I was interested in the article ‘Destroying war’s chemical legacy’ because, when working on the thorium molten salt nuclear reactor programme at the Oak Ridge National Laboratory, US, in the early 1960s, I attended a lecture on a simple molten salt procedure for destroying waste materials. Molten salt oxidation (MSO) was used in the 1960s for 15 years but rejected because paper, plastic and cotton were incompletely oxidised: molten carbonate was considered the catalyst. In the 1980s, at the University of Leeds, we oxidised UO2 to uranate, using air in molten carbonates. We showed that oxygen dissolved chemically in molten carbonate, forming active peroxide and superoxide ions and their concentration could be maintained by adding nitrate (as a catalyst), completely oxidising paper, plastic and cotton, and ceramic UO2. After 50 publications in 10 years, we published an alternative process for reprocessing spent nuclear fuel, using our CEMSO (catalyst enhanced molten salt oxidation).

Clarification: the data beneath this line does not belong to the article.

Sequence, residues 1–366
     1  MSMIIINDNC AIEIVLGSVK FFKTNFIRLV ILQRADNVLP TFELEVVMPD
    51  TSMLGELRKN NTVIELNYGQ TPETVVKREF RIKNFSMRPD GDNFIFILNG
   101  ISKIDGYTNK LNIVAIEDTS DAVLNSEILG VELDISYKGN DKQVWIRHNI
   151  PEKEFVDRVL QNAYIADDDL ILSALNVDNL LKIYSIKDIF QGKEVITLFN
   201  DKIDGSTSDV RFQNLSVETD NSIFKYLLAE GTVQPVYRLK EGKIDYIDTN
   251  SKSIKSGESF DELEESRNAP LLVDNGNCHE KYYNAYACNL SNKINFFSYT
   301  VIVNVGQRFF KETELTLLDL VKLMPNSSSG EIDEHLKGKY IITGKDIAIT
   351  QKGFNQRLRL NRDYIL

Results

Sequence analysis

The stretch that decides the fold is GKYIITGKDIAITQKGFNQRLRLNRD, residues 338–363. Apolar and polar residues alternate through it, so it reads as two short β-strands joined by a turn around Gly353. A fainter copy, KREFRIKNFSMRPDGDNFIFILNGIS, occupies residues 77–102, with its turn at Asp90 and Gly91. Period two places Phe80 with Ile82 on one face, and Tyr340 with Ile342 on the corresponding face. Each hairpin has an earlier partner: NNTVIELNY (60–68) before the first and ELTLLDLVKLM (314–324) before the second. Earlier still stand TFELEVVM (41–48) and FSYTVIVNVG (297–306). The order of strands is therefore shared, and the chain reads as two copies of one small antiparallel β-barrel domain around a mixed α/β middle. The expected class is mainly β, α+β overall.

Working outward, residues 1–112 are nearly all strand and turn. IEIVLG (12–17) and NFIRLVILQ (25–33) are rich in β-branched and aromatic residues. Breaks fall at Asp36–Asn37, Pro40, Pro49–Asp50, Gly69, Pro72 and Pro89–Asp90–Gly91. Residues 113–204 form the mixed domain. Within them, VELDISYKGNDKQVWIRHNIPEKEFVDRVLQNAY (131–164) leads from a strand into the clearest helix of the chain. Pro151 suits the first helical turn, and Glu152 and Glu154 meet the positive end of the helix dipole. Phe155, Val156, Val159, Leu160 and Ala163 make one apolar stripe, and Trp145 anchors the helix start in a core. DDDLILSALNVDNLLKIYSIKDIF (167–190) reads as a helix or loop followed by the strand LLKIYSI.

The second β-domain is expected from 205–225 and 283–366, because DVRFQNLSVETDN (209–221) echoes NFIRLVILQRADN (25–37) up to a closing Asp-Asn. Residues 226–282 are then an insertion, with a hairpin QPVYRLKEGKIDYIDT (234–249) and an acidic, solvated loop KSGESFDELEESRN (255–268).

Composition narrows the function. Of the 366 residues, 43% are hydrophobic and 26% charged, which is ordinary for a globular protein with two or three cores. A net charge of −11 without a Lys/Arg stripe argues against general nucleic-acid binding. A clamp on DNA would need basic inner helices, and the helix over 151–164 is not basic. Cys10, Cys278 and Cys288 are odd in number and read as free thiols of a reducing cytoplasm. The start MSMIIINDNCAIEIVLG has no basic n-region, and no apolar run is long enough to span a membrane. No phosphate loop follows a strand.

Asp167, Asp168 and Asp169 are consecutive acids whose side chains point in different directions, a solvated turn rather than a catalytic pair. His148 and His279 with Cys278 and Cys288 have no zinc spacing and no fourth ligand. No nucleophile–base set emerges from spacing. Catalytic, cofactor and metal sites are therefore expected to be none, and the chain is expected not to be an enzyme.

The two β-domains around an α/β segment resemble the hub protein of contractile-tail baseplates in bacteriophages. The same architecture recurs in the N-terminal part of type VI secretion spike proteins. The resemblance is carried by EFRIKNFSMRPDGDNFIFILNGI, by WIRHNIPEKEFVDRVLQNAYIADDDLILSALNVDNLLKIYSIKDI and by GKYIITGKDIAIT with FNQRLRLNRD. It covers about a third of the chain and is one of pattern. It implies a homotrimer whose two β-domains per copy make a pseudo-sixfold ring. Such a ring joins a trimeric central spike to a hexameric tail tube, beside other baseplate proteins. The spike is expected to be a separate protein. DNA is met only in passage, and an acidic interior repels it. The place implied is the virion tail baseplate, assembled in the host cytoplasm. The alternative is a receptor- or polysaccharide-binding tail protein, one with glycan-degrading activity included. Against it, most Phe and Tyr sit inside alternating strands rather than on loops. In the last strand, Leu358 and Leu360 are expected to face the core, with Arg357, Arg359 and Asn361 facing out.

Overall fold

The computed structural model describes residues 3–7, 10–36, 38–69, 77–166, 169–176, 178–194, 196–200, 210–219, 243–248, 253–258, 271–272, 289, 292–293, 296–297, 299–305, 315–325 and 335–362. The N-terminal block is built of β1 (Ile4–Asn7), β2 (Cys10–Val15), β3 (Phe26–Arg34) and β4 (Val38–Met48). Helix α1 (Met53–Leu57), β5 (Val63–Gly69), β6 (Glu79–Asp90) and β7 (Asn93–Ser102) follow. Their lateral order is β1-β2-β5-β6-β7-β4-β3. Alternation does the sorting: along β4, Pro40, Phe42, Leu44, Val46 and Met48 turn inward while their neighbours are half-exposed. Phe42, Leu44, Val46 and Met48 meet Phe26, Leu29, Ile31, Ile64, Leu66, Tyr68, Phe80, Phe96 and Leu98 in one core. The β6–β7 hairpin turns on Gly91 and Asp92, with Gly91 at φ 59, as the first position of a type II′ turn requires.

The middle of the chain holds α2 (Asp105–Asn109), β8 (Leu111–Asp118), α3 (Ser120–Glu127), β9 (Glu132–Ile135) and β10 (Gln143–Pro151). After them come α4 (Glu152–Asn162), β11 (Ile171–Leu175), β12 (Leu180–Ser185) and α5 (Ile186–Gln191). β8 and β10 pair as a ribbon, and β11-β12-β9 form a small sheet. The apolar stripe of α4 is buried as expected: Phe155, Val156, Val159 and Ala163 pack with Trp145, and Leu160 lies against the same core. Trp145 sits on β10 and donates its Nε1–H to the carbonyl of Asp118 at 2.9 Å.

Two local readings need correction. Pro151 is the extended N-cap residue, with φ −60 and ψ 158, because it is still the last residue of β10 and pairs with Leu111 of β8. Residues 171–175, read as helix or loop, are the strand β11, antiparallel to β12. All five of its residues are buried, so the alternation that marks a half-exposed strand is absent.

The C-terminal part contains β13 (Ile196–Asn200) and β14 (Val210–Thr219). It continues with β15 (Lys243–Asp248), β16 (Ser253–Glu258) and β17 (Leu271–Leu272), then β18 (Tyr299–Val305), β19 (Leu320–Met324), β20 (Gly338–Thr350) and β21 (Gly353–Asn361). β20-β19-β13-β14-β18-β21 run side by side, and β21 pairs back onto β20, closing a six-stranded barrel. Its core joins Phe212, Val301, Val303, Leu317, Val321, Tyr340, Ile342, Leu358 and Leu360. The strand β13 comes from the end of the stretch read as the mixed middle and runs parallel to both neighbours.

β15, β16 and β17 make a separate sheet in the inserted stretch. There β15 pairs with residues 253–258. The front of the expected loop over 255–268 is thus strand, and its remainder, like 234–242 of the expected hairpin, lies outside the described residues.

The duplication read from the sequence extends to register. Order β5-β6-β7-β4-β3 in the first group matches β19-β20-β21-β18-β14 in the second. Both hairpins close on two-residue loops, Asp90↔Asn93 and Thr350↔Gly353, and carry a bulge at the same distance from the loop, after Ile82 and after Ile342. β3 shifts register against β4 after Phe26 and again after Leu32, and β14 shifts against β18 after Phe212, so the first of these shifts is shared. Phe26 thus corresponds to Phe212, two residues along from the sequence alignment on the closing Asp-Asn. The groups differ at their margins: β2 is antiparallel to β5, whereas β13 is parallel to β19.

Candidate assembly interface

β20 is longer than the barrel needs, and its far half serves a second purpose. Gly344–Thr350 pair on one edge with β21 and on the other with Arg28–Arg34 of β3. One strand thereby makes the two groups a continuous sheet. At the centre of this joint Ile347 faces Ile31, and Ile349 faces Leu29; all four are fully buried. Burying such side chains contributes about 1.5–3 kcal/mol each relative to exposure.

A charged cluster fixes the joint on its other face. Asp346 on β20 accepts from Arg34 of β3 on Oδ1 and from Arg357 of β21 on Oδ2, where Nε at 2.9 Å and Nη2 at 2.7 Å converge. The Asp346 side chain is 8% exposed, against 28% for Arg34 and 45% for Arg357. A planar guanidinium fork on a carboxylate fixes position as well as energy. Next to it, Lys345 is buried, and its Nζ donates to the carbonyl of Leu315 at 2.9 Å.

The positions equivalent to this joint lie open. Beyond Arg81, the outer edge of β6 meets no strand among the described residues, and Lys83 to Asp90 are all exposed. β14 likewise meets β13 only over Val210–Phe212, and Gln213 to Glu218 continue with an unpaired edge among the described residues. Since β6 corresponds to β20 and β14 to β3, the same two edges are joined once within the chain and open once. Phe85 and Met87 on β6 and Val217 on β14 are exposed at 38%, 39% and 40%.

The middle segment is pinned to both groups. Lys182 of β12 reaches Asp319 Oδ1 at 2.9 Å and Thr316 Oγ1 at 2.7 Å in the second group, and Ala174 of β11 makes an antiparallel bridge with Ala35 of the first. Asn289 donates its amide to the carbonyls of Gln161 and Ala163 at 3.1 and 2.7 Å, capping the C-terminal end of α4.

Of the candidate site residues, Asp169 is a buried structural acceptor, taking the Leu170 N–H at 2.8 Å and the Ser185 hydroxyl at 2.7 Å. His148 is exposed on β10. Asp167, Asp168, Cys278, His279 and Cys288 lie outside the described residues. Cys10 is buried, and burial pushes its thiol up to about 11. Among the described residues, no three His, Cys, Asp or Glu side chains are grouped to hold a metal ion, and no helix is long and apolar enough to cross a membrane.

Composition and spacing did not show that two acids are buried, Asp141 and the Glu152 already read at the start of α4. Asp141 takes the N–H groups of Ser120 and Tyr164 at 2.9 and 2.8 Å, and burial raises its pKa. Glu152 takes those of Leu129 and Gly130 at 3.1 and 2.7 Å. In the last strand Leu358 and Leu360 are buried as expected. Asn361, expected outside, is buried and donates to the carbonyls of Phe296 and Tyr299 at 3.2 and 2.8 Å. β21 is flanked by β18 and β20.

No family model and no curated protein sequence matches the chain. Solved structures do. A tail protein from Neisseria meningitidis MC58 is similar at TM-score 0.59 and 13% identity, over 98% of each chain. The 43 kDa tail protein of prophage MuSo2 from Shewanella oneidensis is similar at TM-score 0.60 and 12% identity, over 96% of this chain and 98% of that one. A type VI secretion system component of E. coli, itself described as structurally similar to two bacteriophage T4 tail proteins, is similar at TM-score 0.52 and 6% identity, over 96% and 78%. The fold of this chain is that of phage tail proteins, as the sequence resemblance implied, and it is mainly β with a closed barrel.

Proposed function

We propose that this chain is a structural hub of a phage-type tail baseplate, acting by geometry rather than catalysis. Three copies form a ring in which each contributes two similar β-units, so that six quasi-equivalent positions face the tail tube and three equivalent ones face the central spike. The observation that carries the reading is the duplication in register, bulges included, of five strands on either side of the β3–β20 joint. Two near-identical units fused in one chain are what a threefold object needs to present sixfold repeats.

The US Army reported in the 1960s that chemical warfare agents, including sarin, were destroyed in molten carbonate with an efficiency of >99.9999% and similarly for polychlorinated biphenyls, trichlorobenzene, ion exchange resins, and old explosives, and with >99.9% efficiency for Pu contaminated waste. Why has all this been forgotten? I heard of the Chemical Weapons Convention some years ago and spoke to the former research director at the Nuclear Decommissioning Authority’s site at Dounreay, UK, who agreed MSO was excellent and regretted it was too late to be adopted for destroying chemical weapons but informed me that the Japanese have tons of arsenical agents too volatile to tackle. We have shown that when As(
T R Griffiths FRSC